Saturday, 18 April 2015 21:18

Almost Forgetting Harry Chapin

Written by 

In early 1980, my friend Ron invited me to a party at his house. As we drank beer and talked of old times, a former high school classmate approached me and explained that he had just married and his wife wasn't interested in going to see Harry Chapin. I thought about it for a minute. "Harry Chapin? I liked "Cats in the Cradle," "W*O*L*D," Taxi…"' At that point in my life, the narrow scope of my musical taste was constantly on display in the form of black concert shirts with the logos of bands such as Sabbath, Van Halen and Sammy Hagar. I was a young metalhead and KSHE pounded those riffs into my thick skull. "Crank out the drums, Crank out the bass, crank out my Les Paul in your face," weren't exactly the lines from a wordsmith. Did I mention the tickets were 2nd row center at the Kiel Opera House? Although I wasn't exactly gonna pump my fist at the show, what the hell? I never sat that close at a concert so I snapped them up for face value.

I needed a date so I asked a hostess at the Roundtable Restaurant to go with me . The girl had a reputation while I did not. I hadn't gone out with many women at that point in my life because I was shy and felt awkward around them. Many shows I attended were with my partying buddies, but that didn't seem right for such a mellow concert. Showtime came and we were sitting together a few feet from the stage in the magnificent theater. Once the lights went out, I lit up a bowl and took a big draw from the meerschaum pipe. Firing up that bowl was the biggest mistake I had ever made at a concert. I had no idea what I was gonna sit through. 

Harry was a master storyteller. Yet beyond the words that flowed through his microphone, he made a connection with the audience that I had never witnessed before. I was awestruck at the way the guy told tales through his music, along the casual banter he provided between songs. It was as though we were all sitting around a campfire, and Harry kept everyone engaged with every word, everyone with the exception of me. 

The weed I smoked was appropriate for the Cheech and Chong show I attended the prior year. Nothing could illustrate that better than when Chapin played the song "30,000 Pounds of Bananas." He began to sing about a truck driver looking forward to getting home after a long day's work. As the truck descended down a hill towards Scranton, Pennsylvania, my attention span got as far as the highway sign that warned the driver to shift into low gear. By then the pot had kicked in like a runaway freight train passing through my brain. That moment, the truck driver and I had one thing in common; you could say we were both in high gear. A nagging concern gripped my mind that I was gonna be too confused to deal with my date for the rest of the evening. This concern was heightened as Harry's words lost their meaning. He could have been giving a lecture on the structure of atomic particles and the result would have been the same. The flawless acoustics of the Kiel Opera House allowed me to hear every word Chapin sang. Unfortunately my comprehension was toast.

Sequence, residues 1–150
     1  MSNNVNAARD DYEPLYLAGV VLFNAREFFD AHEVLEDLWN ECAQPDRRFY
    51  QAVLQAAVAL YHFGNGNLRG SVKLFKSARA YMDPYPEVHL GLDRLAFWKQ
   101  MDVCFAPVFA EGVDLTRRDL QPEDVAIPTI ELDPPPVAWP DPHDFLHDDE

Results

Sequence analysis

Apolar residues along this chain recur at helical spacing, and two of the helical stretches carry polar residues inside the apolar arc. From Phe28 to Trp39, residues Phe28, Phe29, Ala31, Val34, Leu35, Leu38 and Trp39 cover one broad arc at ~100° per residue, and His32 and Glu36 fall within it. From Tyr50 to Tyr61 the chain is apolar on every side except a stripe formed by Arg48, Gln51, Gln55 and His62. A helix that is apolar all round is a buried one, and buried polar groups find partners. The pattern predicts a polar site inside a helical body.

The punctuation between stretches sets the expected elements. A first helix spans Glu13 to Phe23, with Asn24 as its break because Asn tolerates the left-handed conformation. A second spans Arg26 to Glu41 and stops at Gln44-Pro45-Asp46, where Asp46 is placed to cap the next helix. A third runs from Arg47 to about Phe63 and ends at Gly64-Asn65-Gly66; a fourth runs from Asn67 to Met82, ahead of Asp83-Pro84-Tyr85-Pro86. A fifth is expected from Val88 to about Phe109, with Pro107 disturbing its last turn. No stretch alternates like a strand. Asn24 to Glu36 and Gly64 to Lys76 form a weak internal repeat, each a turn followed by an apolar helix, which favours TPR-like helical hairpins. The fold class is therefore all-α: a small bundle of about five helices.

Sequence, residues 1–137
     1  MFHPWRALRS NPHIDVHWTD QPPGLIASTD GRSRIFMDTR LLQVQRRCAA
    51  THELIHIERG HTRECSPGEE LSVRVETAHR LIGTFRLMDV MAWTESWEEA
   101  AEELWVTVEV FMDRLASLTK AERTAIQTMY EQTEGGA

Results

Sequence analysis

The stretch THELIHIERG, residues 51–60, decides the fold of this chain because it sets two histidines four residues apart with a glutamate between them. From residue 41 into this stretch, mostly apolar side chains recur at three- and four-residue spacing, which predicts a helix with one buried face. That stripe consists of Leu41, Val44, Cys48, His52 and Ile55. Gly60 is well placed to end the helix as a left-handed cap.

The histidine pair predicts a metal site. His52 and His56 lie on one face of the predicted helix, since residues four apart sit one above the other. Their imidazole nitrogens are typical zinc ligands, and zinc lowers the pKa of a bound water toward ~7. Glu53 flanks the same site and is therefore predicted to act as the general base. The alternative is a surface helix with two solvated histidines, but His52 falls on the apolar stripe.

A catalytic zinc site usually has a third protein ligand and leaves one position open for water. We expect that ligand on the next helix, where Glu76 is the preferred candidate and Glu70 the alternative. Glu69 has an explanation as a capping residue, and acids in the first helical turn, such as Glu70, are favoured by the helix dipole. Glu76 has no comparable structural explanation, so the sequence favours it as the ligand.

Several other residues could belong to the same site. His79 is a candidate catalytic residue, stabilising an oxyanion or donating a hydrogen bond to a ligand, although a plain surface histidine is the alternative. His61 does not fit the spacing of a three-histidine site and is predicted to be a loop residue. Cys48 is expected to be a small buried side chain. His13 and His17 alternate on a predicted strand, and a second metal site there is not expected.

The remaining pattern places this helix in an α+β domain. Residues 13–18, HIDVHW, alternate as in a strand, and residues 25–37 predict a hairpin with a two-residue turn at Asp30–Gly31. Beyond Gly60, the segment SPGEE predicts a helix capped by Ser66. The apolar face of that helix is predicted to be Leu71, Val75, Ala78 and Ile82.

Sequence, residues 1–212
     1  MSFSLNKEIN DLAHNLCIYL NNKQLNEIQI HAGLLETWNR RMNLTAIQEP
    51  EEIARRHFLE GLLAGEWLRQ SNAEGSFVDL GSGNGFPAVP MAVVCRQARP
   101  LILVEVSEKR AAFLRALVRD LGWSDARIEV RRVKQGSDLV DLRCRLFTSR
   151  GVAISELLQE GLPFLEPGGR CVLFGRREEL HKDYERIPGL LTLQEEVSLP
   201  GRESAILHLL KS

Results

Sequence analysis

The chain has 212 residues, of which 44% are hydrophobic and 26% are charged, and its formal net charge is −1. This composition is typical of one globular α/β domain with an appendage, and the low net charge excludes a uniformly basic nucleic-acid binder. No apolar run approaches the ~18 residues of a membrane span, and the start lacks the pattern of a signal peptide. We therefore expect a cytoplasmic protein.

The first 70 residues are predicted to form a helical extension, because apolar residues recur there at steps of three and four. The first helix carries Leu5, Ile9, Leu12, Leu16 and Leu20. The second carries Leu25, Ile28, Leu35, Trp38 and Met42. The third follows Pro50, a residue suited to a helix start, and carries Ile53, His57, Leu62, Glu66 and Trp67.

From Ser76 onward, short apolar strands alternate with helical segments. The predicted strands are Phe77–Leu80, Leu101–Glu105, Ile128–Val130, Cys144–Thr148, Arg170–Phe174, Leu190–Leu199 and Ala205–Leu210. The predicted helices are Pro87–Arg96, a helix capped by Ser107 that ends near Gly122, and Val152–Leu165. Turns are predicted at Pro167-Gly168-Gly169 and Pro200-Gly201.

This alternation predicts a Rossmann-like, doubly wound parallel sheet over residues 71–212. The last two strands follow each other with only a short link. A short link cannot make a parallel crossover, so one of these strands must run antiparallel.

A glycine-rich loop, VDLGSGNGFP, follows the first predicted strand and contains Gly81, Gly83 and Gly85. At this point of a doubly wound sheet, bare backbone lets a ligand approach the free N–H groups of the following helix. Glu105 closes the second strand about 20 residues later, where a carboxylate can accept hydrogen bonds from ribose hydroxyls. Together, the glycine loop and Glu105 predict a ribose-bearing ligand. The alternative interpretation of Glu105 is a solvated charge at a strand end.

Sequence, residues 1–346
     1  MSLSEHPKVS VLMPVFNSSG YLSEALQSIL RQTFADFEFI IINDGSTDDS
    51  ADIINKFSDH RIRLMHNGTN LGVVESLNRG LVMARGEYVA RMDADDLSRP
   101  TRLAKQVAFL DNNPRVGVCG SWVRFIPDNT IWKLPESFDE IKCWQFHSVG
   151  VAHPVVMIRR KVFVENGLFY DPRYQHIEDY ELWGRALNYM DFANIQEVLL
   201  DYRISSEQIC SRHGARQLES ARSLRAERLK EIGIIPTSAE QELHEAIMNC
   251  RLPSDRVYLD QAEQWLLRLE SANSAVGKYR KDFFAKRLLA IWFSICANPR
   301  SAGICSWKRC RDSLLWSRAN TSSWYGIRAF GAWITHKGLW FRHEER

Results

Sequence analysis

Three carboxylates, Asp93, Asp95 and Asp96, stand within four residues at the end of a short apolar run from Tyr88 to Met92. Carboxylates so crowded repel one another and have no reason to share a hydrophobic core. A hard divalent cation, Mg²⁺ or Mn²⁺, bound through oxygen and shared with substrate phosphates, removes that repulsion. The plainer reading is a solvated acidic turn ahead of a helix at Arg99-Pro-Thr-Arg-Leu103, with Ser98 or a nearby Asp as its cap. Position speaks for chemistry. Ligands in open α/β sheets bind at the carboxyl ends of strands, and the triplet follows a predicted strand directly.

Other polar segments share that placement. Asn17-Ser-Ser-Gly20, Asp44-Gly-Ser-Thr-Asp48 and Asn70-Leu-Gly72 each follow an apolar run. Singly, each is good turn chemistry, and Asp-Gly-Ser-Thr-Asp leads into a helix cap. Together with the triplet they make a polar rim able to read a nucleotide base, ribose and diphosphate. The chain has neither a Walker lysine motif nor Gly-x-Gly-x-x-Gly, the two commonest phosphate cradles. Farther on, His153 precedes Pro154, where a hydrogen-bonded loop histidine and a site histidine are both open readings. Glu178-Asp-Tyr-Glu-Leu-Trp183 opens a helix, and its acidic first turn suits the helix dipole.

During the chorus of "30,000 pounds of bananas," the crowd joined in without so much as a gentle prod from Harry, or the entire audience with the exception of my date and I. As the truck driver began to lose control of his full load of bananas, the speed of the truck and the tempo of the song increased. Likewise my evening was hopelessly lost. I was baked and had no idea what the details were that led to the demise of the driver and his bananas.  

When the concert ended, Harry invited those who wanted their items autographed to meet him in the lobby. In the cavernous room, this extraordinary man poked his head out of an open ticket window and greeted several hundred people patiently waiting to meet him. For me, it was the most memorable moment of the night. To this day, I have never seen anything like it. Harry was there to greet each and every one of them, say a few words and sign autographs. 

After leaving St. Louis, I took my date to my parent's house. There on a couch, we made out. She didn't seem bothered by my lack of conversation throughout the evening and attempted to coax me into something more. "I'll go anywhere you want to go," she whispered. Not feeling up to much of anything, I took her home. 

That night, I added to my concert t-shirt collection a green shirt silkscreened with a large banana the words "Harry Chapin, 30,000 Pounds of Bananas!" Ironically, the shirt was another reminder of what I missed out on that night. Within a year, the silkscreened logo faded into the paper-thin cotton. Shortly after the shirt was thrown away, Harry died in a collision with a truck on the Long Island Expressway.

How on Earth did the night of April 24, 1980 stay with me? It was such a long, long time ago.

Media